One friend of mine, after I told him what was going on and sent him a few gleaming examples, said to just turn it off for a while, to not look at it. I agree that’s excellent advice most of the time. It’s the old “Doctor, it hurts when I do this”/”Then don’t do that” approach. Don’t look at it and it won’t bother you. Unfortunately, this wasn’t some horrific hate forum I found while spiraling down an Internet k-hole of my own creation. These were pointed, gross comments being sent directly to me. If I wanted to avoid them I had to just log off Twitter all together. And they’d still be there waiting for me whenever I came back.

If you don’t like the taste of fish, you wouldn’t go to a restaurant, order the trout, and then call the chef a stupid bitch for serving it to you. So why do people do it on the Internet?

I’ve never understood the inclination to engage with something I don’t like — on social media or otherwise. That’s the beauty of Twitter. If you don’t agree with someone, you can unfollow them. If something upsets you, you can block it. We all have that luxury. If you don’t like the taste of fish, you wouldn’t go to a restaurant, order the trout, and then call the chef a stupid bitch for serving it to you. So why do people do it on the Internet?

Reading a barrage of violent comments and threats doesn’t make me want to retaliate. It doesn’t make me want to fire back at those guys with the same hate and rage that they spewed my direction about me and the rest of my gender. It makes me want to censor myself. It makes me hesitant to write certain jokes. Could this tweet make hundreds of men tell me I belong locked in their closet? Will this idea I’m putting out there also end in threats of rape or murder?

Women are taught from an early age to — in all aspects of life — try not to cause a scene. We’re not supposed to garner attention or make waves or do anything that might upset anyone. You know what happens when women don’t want to make a scene? They stop talking. And writing. And performing. And creating.

I want to make incisive, sharp comedy. That’s the goal. It’s really hard to generate that material when you start second guessing jokes because you’re scared of being harassed for your stupid female opinions.

Women are not the sole focus of internet hate and threats, but we certainly see the majority of them. It’s so much a part of our experience, that the conversations I had with my female comic friends regarding this particular instance felt almost funny in how casually we all talked about it. I kept texting screen grabs of the more horrific replies and saying, “lol, another one,” and “haha look this nightmare’s grammar” when one man told me I deserved to be bought and sold for his own use. Hate from men online just because you’re a woman with an opinion is par for the course these days. You learn to expect it. Part of me even thought that I should have known this would be the reaction when I wrote the joke. We start to believe that it’s our fault men are grossly harassing us because we’re the ones who put ourselves out there to begin with.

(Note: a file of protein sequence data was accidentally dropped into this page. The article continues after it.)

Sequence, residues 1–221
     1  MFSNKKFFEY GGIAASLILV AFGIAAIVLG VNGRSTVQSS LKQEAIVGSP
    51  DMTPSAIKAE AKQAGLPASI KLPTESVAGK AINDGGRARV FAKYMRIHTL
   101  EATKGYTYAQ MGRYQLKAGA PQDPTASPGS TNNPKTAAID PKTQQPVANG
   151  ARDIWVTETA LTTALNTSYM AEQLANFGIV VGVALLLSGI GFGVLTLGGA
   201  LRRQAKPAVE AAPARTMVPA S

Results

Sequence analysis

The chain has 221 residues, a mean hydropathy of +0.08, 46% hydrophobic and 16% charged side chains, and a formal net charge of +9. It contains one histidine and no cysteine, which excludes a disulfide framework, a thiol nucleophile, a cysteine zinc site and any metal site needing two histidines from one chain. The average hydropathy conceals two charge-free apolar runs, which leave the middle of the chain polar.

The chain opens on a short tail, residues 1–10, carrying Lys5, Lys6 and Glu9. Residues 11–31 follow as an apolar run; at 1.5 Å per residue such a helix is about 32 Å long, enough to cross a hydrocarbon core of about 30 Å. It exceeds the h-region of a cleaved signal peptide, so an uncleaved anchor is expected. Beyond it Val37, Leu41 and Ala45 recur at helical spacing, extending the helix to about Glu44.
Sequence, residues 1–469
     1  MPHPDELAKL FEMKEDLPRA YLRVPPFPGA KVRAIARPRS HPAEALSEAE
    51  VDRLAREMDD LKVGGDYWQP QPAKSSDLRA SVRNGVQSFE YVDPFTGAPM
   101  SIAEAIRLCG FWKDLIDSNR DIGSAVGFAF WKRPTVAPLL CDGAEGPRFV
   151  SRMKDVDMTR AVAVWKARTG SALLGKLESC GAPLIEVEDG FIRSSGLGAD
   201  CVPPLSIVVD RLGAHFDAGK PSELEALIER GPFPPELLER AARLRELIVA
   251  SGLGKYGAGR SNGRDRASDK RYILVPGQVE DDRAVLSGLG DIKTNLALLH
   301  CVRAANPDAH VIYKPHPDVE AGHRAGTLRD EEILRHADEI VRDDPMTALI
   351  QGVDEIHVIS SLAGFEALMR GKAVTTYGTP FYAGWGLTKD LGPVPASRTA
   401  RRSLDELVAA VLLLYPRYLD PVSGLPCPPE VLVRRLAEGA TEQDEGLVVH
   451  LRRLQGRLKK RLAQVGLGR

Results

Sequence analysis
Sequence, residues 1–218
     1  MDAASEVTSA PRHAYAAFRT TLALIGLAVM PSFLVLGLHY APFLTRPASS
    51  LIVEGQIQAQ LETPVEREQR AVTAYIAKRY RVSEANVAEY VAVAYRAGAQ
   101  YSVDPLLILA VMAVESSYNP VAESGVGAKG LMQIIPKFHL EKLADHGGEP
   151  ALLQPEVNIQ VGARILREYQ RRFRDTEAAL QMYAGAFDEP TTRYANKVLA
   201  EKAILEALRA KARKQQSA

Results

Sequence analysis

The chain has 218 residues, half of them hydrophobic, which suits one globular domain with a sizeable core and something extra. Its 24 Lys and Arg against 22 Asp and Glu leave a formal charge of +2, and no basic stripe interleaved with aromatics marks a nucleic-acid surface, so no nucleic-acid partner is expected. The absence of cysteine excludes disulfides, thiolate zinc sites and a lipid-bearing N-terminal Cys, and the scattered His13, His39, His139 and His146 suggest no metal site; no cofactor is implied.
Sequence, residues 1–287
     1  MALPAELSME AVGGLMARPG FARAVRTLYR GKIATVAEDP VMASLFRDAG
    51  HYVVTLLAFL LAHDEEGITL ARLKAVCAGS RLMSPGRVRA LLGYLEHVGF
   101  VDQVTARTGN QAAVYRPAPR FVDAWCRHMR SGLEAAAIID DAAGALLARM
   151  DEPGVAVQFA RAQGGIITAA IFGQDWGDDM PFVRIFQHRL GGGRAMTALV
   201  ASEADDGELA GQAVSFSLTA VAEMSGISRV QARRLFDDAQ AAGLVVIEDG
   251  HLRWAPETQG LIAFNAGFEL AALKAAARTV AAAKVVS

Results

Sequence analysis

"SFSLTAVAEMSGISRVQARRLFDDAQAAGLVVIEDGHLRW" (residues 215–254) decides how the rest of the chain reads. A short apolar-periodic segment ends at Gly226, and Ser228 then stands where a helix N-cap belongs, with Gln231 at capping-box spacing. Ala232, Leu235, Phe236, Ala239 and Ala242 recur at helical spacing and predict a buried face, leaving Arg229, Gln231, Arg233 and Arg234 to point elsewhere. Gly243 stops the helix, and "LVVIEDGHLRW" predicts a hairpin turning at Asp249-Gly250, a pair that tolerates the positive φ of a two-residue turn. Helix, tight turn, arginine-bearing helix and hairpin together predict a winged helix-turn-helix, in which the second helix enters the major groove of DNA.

I don’t want to get caught up in the specifics of this joke and the horrible responses it got. It’s kind of pedestrian and obvious and stems from the unfortunately true fact that many women feel like guns are more valued than they are in society right now. What’s upsetting is that so many men took that statement as a springboard to making me feel uncomfortable and unsafe. And they felt fine doing this because I’m a woman. Two male friends of mine with much larger followings had tweeted similar jokes and didn’t see a fraction of the hateful responses that I did. And I’m sure they saw none of the same threats.

This isn’t the first time that a woman has been harassed online. It’s definitely not the last time, either. That’s really the problem. This is one small instance in an unending series of events. We need to stop accepting this behavior as an unavoidable consequence to writing on the Internet. Harassment doesn’t need to be just the cost of doing business.